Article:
You might not have used the periodic table, but the chances are you'll have seen it.
It's known all over the world and when it was created it was a massive step forward for helping scientists to understand the world around us.
2019 marks 150 years since it was invented. What is it and why is it so important?
What is the periodic table?
Elements are the building blocks for everything in the world.
Depending on the temperature they can be a solid, liquid or gas.
Most occur naturally such as oxygen, gold, copper, carbon and helium.
The periodic table is a way of arranging all of these chemical elements and putting similar ones together.
Each square on the table includes a number and letters.
The letters are the chemical name for the element, for example Oxygen is O but gold is actually Au.
The number is an atomic number.
Atoms are the smallest particle of a chemical element that can exist.
There are currently 118 known elements but only 94 of these are thought to naturally exist on Earth.
If you cannot see the interactive activity on this page, click here.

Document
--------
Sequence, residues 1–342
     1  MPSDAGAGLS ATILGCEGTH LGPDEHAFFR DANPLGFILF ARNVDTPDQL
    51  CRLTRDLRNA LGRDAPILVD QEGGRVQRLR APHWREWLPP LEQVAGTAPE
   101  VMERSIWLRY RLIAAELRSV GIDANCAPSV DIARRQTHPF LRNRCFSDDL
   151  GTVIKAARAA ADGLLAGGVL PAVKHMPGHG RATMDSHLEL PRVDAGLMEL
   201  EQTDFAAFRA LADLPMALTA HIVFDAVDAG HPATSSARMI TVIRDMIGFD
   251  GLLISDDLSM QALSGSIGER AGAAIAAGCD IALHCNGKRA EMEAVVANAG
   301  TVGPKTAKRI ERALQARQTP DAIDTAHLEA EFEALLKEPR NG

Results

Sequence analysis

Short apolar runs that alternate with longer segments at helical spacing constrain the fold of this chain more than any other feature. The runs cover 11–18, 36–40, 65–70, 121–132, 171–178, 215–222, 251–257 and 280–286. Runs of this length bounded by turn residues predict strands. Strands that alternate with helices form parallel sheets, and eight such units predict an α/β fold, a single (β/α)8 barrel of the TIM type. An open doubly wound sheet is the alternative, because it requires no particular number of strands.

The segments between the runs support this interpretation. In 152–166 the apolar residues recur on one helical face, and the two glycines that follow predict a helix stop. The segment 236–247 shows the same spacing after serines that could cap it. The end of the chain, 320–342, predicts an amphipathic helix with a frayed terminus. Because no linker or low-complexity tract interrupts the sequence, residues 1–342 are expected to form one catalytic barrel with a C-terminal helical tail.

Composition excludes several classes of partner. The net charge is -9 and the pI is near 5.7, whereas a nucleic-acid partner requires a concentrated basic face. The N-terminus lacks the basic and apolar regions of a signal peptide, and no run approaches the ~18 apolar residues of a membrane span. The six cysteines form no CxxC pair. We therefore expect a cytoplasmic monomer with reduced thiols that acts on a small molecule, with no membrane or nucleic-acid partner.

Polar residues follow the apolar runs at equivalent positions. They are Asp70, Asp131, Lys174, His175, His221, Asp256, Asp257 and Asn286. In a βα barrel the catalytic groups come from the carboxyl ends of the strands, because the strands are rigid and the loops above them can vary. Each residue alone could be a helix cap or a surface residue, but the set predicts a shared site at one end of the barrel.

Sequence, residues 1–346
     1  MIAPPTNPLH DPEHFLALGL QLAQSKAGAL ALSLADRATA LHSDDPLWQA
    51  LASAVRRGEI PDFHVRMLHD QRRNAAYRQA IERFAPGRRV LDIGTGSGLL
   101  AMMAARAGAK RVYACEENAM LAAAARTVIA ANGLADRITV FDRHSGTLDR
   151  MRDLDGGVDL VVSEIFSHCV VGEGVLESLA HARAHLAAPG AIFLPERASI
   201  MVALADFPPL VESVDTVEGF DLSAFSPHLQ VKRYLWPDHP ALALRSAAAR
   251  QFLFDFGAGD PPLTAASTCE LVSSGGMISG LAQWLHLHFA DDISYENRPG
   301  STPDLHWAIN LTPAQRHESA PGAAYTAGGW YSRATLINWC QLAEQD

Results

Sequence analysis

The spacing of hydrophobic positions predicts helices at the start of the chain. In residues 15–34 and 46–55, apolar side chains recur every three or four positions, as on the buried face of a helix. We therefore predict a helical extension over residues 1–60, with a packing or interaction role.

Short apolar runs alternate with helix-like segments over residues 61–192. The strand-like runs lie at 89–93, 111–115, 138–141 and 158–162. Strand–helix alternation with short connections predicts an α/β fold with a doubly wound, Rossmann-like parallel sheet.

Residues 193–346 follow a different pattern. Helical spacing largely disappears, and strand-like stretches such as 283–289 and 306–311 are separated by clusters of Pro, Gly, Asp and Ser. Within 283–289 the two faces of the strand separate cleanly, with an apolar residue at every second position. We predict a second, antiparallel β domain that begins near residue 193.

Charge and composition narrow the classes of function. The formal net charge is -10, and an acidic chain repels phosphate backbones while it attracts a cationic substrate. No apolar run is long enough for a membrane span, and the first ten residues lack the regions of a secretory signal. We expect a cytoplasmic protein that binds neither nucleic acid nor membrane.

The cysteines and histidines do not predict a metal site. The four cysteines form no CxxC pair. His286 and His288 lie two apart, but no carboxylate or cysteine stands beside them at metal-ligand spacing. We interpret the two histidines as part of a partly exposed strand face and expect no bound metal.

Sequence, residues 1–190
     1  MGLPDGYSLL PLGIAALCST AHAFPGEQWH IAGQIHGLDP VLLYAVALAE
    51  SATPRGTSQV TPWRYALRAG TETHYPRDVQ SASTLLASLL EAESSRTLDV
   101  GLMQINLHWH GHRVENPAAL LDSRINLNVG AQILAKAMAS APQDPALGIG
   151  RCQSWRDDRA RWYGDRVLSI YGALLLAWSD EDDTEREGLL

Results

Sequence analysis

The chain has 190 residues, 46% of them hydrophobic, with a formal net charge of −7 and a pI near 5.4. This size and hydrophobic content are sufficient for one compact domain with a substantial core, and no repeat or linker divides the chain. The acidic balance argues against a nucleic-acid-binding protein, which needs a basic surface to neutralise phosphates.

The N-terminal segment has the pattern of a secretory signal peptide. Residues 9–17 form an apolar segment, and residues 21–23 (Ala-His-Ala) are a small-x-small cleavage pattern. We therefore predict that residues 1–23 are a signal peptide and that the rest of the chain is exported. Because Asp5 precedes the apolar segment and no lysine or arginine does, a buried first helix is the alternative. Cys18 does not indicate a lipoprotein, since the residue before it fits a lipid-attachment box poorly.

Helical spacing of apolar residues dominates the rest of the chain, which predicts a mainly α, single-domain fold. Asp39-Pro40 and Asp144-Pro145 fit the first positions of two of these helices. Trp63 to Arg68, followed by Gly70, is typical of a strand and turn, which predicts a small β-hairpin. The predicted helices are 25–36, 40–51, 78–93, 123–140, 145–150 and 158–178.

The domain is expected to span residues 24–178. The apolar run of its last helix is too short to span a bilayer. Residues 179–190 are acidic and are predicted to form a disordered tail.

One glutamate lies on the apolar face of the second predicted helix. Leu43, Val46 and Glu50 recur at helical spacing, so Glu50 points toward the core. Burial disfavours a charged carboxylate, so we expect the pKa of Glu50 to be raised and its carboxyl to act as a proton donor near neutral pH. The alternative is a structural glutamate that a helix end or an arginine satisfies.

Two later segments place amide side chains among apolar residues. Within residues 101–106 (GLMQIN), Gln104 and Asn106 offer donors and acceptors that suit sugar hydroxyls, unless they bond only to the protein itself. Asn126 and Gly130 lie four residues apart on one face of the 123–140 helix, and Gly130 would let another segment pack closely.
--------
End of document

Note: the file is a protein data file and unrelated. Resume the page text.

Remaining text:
Why is the periodic table called the periodic table?
It is called the periodic table because of the way the elements are arranged.
You'll notice they're in rows and columns.
The horizontal rows (which go from left to right) are called 'periods' and the vertical columns (going from up to down) are called 'groups'.
Who made the periodic table?
In 1869 a Russian scientist called Dmitri Mendeleev invented the periodic system that we still use today.
Before him others had tried to 'order' the elements but their tables were incomplete or grouped elements together which weren't similar.
Dmitri's table didn't include all of the elements because not all of them were known at the time.
He left gaps for them though and could predict their properties based on the elements around them in his table.
Why is the periodic table so important?
Everything - including humans! - are made up of elements so it's really important to understand them.
When Dmitri's table was first created it helped scientists to do that, and it still does today.
The periodic table also means scientists can predict the properties of matter on Earth - and in the rest of the Universe.
It's been described as "one of the most significant achievements in science" by the United Nations which has decided that 2019 is the international year of the periodic table of chemical elements!